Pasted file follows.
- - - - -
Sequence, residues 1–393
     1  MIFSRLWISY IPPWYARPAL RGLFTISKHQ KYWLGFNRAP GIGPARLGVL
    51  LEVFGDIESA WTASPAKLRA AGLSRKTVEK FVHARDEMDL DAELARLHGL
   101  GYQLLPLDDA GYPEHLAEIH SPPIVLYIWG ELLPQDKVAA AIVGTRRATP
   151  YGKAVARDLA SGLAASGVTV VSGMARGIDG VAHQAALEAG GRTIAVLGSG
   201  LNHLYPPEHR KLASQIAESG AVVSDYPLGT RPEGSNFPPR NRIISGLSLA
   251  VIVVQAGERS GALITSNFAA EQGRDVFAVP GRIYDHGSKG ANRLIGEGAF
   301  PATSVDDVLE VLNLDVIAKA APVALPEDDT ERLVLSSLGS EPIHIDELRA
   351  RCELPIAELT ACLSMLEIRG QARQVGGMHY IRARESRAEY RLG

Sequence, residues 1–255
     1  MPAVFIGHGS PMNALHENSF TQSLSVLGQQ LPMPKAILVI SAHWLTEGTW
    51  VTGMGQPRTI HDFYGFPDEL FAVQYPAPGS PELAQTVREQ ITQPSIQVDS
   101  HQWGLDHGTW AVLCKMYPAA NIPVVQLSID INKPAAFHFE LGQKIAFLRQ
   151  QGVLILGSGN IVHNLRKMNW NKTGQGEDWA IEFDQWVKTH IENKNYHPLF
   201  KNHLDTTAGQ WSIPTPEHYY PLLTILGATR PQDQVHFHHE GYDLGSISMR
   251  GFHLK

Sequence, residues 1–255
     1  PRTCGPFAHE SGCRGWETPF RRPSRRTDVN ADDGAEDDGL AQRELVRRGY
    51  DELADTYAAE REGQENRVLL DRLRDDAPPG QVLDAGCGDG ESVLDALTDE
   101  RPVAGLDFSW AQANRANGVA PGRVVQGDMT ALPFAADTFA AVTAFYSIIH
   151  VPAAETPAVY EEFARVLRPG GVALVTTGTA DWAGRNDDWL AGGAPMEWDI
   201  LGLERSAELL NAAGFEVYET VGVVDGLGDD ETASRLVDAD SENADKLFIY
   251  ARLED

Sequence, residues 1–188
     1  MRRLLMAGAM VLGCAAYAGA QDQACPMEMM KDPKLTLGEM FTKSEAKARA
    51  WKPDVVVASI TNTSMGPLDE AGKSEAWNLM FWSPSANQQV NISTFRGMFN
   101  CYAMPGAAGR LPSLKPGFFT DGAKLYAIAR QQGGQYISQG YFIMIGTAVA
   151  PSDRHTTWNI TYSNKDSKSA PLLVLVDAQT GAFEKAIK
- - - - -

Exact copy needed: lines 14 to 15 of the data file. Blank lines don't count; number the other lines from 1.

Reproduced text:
   151  QGVLILGSGN IVHNLRKMNW NKTGQGEDWA IEFDQWVKTH IENKNYHPLF
   201  KNHLDTTAGQ WSIPTPEHYY PLLTILGATR PQDQVHFHHE GYDLGSISMR